Inside a mental health carve out, insurance people decide to deny care to people with addiction more because of the cost of that care than the total cost to the insurance company. Here’s an example. We did a study of around 100 admissions to our IOP and around 50 people who chose not to admit. We asked them two questions: How many time have you been to the emergency department (ED) since your discharge from treatment (or since your assessment if you didn’t go to treatment anywhere) and how many days have you been in the hospital in the same time period. The rest of the methodology is described here. But what I want to describe here is more about the people that came to Townsend and the effect on their insurance companies.
One more piece of background first. In our treatment we don’t have a fixed length of stay. Instead, we use our Disease Acceptance Scale (DAS) and the effect of that scale on the outcomes of the above study are described here.
In addition to what we’ve already published we also found another relationship in the study population. As you might expect, the DAS went up with the number of sessions of IOP that the patient attended. That makes sense if treatment works; more treatment, better effect. In fact we found that 12% of the variance of the DAS at discharge (DCDAS) was predicted by the number of sessions. The equation for that was DCDAS=10.61+0.18*Sessions; p=.0003. Now we need a little math.
Math Alert – the squeamish should skip this
The equation describing the relationship between the DCDAS and ED visits was EDVisits(per100days)=.29-.015*DCDAS and the equation describing the relationship between the DCDAS and hospital days was HospDays(per100days)=4.89-.26*DCDAS. Now for the math. We substitute the DCDAS equation for DCDAS to predict ED visits and Hospital days.
We valued the average ED visit at $1200 and the average Hospital Day at $1500, which is very conservative, meaning that every 100 days after DC each session saved the insurance company $3.24 in ED costs and $75 in hospital bed-day costs. That translates to $285 per year saved for every session of addiction IOP they allow, and that’s only for ED and hospital costs. So let’s think about that. If an insurance company pays $350 a day for IOP, they’re getting $285 of that back EVERY YEAR. So the first year they are getting back $285 which is an 81% return, and the next year they get another 81% return. Can you find an investment that pays that well?
No More Math – arithmaphobics may return
This leaves me wondering why it’s so difficult to get sessions approved from some insurance companies. Some will allow us 5 sessions and make us call them back every week to get more. Some give us 10 or 15 to start with, very few don’t have hoops to jump through that are designed to limit the time of treatment. And the excuses for not approving sessions are ridiculous. Here’s one, “Well, he hasn’t used drugs in the two weeks he’s been in your IOP so he can leave treatment.” And from the same company on a different patient, “Well, he hasn’t abstained from using drugs in the time he’s been in your IOP so he obviously isn’t serious and there’s no point in any more sessions.” Go figure.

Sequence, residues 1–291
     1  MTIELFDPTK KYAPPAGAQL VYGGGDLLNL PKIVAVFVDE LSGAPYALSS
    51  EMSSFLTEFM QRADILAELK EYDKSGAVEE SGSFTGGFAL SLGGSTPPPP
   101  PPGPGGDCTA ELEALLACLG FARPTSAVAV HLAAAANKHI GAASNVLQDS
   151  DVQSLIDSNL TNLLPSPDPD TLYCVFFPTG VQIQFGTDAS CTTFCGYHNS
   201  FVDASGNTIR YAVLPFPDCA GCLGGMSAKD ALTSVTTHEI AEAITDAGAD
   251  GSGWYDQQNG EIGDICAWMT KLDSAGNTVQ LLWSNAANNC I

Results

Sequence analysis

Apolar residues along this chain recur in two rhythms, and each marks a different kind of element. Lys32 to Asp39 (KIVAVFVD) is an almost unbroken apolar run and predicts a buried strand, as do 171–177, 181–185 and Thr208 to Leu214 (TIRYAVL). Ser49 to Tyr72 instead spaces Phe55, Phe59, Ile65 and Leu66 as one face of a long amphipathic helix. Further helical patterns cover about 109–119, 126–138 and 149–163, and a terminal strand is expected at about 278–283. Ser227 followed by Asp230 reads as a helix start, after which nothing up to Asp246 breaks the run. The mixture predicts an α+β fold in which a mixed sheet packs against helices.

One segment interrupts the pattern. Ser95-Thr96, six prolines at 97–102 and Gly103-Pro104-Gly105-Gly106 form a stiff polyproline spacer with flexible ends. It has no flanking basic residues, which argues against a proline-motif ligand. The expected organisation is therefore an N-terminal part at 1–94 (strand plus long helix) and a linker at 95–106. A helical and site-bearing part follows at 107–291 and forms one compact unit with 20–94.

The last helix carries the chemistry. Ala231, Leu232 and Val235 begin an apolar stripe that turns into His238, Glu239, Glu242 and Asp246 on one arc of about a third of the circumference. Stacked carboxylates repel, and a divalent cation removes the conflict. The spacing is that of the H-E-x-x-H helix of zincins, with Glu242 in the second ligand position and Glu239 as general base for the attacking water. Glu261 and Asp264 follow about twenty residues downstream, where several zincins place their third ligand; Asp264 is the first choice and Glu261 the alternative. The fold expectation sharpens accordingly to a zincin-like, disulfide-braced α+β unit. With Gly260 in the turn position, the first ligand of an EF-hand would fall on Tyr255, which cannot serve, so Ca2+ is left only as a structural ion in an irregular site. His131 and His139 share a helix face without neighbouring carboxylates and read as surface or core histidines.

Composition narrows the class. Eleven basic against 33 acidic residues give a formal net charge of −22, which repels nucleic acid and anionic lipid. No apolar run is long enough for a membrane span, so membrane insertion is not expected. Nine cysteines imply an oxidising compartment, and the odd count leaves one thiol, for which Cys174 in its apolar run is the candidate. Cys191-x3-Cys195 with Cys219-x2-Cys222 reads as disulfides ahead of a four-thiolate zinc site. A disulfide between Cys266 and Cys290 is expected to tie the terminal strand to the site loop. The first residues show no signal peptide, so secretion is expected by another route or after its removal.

The only thing I can think of is that they don’t realize they are saving money by treating addiction, but frankly I don’t know how that could be. The government has done studies, national insurance companies have done studies, academia have done studies all showing that the returns on treating addiction are huge. Other studies have shown that a great amount of healthcare costs outside of the mental health carve outs are due to untreated addiction. So I’m left with wondering why. I hope it isn’t prejudice, but there’s little else I can think of.
In fact, to that point, there is no other disease in which people who work at insurance companies talk about monetary savings. It’s always comparing treatment X to treatment Y and finding out which one costs less per life saved. The idea of saving money without regard to saving lives never occurs to anyone outside of addiction treatment. In coronary care, no one minds paying money to save lives; in pulmonary care, no one minds paying money to save lives; in cancer treatment no one minds paying money to save lives; but with people with addiction, there seems to be a strange reluctance to spend money to save lives. So we are left describing to insurance companies how much we can save them by letting us treat their insureds rather than saying that it’s okay to spend real money for good treatment.